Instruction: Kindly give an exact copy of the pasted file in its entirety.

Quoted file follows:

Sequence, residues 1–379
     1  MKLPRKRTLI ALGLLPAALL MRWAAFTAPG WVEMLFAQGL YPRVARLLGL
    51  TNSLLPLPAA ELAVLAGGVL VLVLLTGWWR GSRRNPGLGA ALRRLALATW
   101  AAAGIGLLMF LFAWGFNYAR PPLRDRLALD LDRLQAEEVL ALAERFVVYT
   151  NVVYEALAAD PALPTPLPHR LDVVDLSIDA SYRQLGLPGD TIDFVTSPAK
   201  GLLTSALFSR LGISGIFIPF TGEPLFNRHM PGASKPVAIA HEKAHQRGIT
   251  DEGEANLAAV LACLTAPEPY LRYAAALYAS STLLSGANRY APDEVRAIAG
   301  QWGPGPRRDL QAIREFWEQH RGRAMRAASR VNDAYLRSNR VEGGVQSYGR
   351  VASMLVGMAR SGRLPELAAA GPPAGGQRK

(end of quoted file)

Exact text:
Sequence, residues 1–379
     1  MKLPRKRTLI ALGLLPAALL MRWAAFTAPG WVEMLFAQGL YPRVARLLGL
    51  TNSLLPLPAA ELAVLAGGVL VLVLLTGWWR GSRRNPGLGA ALRRLALATW
   101  AAAGIGLLMF LFAWGFNYAR PPLRDRLALD LDRLQAEEVL ALAERFVVYT
   151  NVVYEALAAD PALPTPLPHR LDVVDLSIDA SYRQLGLPGD TIDFVTSPAK
   201  GLLTSALFSR LGISGIFIPF TGEPLFNRHM PGASKPVAIA HEKAHQRGIT
   251  DEGEANLAAV LACLTAPEPY LRYAAALYAS STLLSGANRY APDEVRAIAG
   301  QWGPGPRRDL QAIREFWEQH RGRAMRAASR VNDAYLRSNR VEGGVQSYGR
   351  VASMLVGMAR SGRLPELAAA GPPAGGQRK